HIS 246 3 hours, 3 credits. A survey of the Mediterranean world, beginning with the first humans and tracing the development of civilization from Mesopotamia and Egypt to ancient Greek City-States and the fall of Rome.
Our entire lives are conditioned by concepts like civilization and society, yet we seldom stop to think about how they shape our behaviors and expectations. By traveling back to the very emergence of civilization, we can experience both the revolution in how humans related to each other and the proliferation of new kinds of societies—each with their own distinct ideas about communities and individuals, communication, trade, protection, gender, mortality, and the strange, unbounded realms of the gods. All of this forms not just the background but the substance of the modern world: how we think, and what others think of us. The everyday hubbub of ancient worlds vibrates in the bones of our own societies.
HIA 320 3 hours, 3 credits. In this course we will explore the beginnings of European civilization—its gradual unfolding and culmination in Greece, through examination of the key transformations of Greek culture and city-states from the Bronze Age up through the hellenization of the east by the Makedonians.
More than any other ancient culture, the world of Hellas—the Greek-speaking lands and islands of the Aegean Sea and beyond—attempted to improve and perfect society and civilization, to such an extent that Hellas became a crucible for the fundamental ideas of the “western” world, ideas that formed the bedrock for nations disseminated far and wide across continents and oceans. What made the Greek ideas about how humans relate to the world and each other so elemental? How did the peoples of Hellas evolve their unique perspective?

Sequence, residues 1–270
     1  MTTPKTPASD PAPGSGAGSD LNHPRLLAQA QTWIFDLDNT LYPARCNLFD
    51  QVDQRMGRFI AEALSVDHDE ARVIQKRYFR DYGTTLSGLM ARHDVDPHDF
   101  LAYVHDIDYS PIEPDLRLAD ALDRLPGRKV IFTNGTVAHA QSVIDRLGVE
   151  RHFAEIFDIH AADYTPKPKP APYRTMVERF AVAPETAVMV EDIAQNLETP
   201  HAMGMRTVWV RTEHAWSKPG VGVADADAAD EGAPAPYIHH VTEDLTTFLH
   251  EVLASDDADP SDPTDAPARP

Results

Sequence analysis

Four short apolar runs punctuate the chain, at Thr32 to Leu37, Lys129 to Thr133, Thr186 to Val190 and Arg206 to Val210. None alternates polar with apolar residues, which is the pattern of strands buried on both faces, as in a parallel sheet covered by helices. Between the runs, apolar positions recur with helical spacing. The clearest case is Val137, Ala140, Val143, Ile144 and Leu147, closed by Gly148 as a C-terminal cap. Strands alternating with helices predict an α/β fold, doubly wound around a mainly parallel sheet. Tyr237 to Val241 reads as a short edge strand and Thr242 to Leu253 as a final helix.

HIA 321 3 hours, 3 credits. In this course we will explore the foundation and development of the Roman state, including the rise and decline of the Roman Republic and the establishment and fall of the Empire, with emphasis on its political, economic, social, and cultural achievements.
The colossal achievement of the Romans—a single city indelibly suffusing its unique sensibility through the entire ancient Mediterranean world—is only part of the Roman story. The people of Rome gained economic, political, military, and cultural dominance over the ancient West and laid the foundations for the medieval and modern worlds through a fascinating mixture of synthesis and adaptation, on the one hand, and unshakable faith in the Roman identity, on the other. How the Romans acquired an empire, and how that empire constantly reshaped Roman society, tells us not only about the Western civilization that descended from them, but about the dynamics of society, empire, and power.
HIA 311 3 hours, 3 credits. Examination of the image, role and status of women in both Ancient Greek and Roman society as seen from the important literary works of antiquity.
The written evidence from the ancient world is dominated by the actions and perspectives of men, who both ruled public life and created most of the cultural expression that has endured. Increasingly over the past several decades historians have sought to overcome this evidentiary bias by striving the represent women’s perspectives both in the narratives of individuals cultures and times and through the specific exploration of the voices, deeds, and representations of women of antiquity, as a pathway to understanding both the meaning of womanhood in any given society and the mores of the cultures they helped bring about and shape for posterity.